STATE OF NEW YORK
                   IN ASSEMBLY
                                    January 23, 2018
        Introduced  by  M.  of  A.  GUNTHER,  THIELE, ORTIZ, ENGLEBRIGHT, STECK,
          JAFFEE, HYNDMAN -- read once and referred to the Committee  on  Health
          --  committee  discharged,  bill amended, ordered reprinted as amended
          and recommitted to said committee

        AN ACT to amend the public health law, in relation to enacting the  drug
          take back act
          The  People of the State of New York, represented in Senate and Assem-
        bly, do enact as follows:
     1    Section 1. This act shall be known and may be cited as the "drug  take
     2  back act."
     3    §  2.  The public health law is amended by adding a new article 2-B to
     4  read as follows:
     5                                 ARTICLE 2-B
     6                               DRUG TAKE BACK
     7  Section 290. Definitions.
     8          291. Drug take back.
     9          292. Collection.
    10          293. Violations.
    11          294. Jurisdiction.
    12    § 290. Definitions. As used in this article, unless the context clear-
    13  ly requires otherwise:
    14    1. "Authorized collector" means: (a) a person, company, corporation or
    15  other entity that is registered with the United States Drug  Enforcement
    16  Administration to collect controlled substances for the purposes of safe
    17  disposal and destruction; (b) a law enforcement agency; or (c) a person,
    18  company,  corporation  or  other  entity authorized by the department to
    19  provide alternative collection methods for covered drugs  that  are  not
    20  controlled substances.
    21    2.  "Covered  drug"  means any substance recognized as a drug under 21
    22  USC § 321(g)(1), as amended, that is sold, offered for sale or dispensed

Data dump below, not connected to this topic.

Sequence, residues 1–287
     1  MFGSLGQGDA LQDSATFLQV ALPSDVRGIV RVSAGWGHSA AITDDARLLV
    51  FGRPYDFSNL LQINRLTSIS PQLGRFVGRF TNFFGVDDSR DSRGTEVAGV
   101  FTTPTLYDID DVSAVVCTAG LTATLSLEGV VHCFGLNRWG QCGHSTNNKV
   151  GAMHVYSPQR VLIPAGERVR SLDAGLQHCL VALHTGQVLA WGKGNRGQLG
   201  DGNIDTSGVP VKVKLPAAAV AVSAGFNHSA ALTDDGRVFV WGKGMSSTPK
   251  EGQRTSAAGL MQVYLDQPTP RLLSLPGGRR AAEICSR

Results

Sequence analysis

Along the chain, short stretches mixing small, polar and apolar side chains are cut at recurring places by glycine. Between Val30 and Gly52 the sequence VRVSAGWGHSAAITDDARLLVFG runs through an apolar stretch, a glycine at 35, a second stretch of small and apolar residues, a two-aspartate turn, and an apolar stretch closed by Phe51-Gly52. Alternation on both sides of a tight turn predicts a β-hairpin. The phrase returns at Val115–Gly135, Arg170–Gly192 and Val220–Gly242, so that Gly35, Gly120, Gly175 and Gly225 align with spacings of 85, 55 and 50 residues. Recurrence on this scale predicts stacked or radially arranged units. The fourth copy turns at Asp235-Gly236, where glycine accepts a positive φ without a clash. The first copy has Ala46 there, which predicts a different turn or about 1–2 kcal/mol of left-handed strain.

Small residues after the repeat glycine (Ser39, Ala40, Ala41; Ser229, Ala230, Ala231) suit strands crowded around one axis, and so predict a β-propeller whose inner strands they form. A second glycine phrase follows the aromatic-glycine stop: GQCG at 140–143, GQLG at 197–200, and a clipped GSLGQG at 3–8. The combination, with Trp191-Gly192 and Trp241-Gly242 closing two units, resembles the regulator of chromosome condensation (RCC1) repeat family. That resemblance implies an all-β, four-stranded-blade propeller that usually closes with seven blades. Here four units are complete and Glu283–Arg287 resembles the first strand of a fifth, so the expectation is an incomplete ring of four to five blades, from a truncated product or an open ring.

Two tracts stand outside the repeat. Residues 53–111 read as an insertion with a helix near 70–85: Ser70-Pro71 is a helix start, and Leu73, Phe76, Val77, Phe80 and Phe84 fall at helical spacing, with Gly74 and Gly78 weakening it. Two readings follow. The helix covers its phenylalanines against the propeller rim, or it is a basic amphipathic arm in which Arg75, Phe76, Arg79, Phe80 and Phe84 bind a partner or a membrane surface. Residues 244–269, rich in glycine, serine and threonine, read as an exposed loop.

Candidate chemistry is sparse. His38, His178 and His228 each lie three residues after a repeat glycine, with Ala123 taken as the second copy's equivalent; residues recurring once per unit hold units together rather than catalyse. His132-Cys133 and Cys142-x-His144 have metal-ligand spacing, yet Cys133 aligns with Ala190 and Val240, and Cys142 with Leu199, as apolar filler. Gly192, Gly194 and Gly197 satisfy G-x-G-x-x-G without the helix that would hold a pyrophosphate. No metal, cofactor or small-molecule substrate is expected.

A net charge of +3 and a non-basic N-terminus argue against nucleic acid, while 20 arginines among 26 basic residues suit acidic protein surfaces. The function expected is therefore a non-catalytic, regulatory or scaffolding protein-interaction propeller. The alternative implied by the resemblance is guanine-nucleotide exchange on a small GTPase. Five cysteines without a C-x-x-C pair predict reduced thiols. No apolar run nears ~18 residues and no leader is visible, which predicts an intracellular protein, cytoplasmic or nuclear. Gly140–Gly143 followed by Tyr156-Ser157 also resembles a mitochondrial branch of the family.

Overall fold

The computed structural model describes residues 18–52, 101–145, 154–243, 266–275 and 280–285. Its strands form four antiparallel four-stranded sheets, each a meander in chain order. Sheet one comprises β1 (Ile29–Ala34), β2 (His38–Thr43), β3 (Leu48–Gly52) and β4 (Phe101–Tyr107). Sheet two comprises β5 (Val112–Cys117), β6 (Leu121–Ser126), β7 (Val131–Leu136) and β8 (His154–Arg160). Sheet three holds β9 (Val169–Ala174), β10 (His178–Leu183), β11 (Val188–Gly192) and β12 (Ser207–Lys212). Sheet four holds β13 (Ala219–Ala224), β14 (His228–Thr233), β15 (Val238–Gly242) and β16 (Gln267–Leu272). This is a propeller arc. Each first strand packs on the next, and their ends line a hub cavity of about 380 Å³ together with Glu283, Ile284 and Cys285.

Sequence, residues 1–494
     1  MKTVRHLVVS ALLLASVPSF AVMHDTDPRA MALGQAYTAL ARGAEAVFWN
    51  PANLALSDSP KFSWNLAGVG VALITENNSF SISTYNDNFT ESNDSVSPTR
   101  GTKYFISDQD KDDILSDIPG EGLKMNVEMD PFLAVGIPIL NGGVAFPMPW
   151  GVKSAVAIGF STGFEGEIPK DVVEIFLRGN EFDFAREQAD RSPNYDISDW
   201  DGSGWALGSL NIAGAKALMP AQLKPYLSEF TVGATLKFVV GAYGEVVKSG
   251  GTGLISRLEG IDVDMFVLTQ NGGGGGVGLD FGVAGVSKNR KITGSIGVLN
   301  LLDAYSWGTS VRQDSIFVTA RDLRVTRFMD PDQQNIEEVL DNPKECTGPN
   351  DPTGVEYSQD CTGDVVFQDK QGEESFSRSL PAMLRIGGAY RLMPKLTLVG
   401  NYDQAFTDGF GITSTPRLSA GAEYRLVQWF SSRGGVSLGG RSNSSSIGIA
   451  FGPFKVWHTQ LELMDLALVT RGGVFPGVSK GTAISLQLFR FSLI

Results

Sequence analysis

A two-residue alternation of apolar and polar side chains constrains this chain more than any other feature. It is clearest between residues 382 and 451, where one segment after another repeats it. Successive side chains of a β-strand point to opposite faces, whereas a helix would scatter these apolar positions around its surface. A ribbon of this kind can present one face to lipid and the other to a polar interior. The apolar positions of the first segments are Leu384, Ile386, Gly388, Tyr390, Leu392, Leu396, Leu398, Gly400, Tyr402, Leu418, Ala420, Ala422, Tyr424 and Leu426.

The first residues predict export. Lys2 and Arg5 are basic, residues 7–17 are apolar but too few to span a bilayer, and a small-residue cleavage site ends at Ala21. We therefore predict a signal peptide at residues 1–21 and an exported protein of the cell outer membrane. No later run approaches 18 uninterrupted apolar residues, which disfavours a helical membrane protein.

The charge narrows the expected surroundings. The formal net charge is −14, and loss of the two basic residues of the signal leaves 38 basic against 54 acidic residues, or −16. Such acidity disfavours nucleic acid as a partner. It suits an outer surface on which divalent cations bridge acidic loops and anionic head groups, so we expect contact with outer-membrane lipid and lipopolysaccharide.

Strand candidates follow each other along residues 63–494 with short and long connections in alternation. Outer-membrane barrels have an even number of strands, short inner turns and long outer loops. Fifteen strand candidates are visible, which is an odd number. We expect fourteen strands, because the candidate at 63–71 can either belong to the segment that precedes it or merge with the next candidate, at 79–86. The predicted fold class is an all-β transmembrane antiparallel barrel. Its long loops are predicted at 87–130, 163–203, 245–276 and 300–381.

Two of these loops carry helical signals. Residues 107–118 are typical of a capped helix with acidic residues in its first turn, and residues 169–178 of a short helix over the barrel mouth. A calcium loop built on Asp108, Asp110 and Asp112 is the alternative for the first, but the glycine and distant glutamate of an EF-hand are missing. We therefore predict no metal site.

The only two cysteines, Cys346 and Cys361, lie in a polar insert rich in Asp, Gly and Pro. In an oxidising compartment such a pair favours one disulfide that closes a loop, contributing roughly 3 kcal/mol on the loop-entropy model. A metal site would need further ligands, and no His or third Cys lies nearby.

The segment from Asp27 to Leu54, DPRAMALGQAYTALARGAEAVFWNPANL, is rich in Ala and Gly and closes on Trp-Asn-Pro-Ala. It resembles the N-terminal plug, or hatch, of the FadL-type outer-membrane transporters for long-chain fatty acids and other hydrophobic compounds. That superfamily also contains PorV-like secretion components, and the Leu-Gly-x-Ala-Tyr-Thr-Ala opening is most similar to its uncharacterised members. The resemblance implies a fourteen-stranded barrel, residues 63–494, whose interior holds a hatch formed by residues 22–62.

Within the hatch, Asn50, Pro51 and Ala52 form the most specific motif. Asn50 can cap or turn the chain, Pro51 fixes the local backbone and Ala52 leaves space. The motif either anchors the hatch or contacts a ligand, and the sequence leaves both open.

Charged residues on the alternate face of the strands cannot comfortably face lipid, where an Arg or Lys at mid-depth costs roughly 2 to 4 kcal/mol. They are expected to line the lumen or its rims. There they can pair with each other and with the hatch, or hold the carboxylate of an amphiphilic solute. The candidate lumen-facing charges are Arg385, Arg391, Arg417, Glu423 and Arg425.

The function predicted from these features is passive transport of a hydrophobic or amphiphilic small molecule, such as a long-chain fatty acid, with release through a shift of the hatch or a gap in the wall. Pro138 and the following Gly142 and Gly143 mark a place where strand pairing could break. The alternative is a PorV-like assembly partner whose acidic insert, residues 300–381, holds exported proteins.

23  in the state, whether directly or through  a  wholesaler,  in  any  form
    24  including  prescription  and  nonprescription  drugs,  drugs  in medical
         EXPLANATION--Matter in italics (underscored) is new; matter in brackets
                              [ ] is old law to be omitted.

        A. 9576--A                          2
     1  devices and combination products, brand and generic drugs and drugs  for
     2  veterinary  use;  provided  however, covered drug shall not include: (a)
     3  vitamins or  supplements;  (b)  herbal-based  remedies  and  homeopathic
     4  drugs, products or remedies; (c) cosmetics, soap (with or without germi-
     5  cidal  agents),  laundry detergent, bleach, household cleaning products,
     6  shampoos, sunscreens, toothpaste, lip  balm,  antiperspirants  or  other
     7  personal care products that are regulated as both cosmetics and nonpres-
     8  cription  drugs  under the Federal Food, Drug, and Cosmetic Act; (d) pet
     9  pesticide products contained in pet collars, powders, shampoos,  topical
    10  applications,  or other forms; (e) drugs that are biological products as
    11  defined in subdivision twenty-seven of section sixty-eight  hundred  two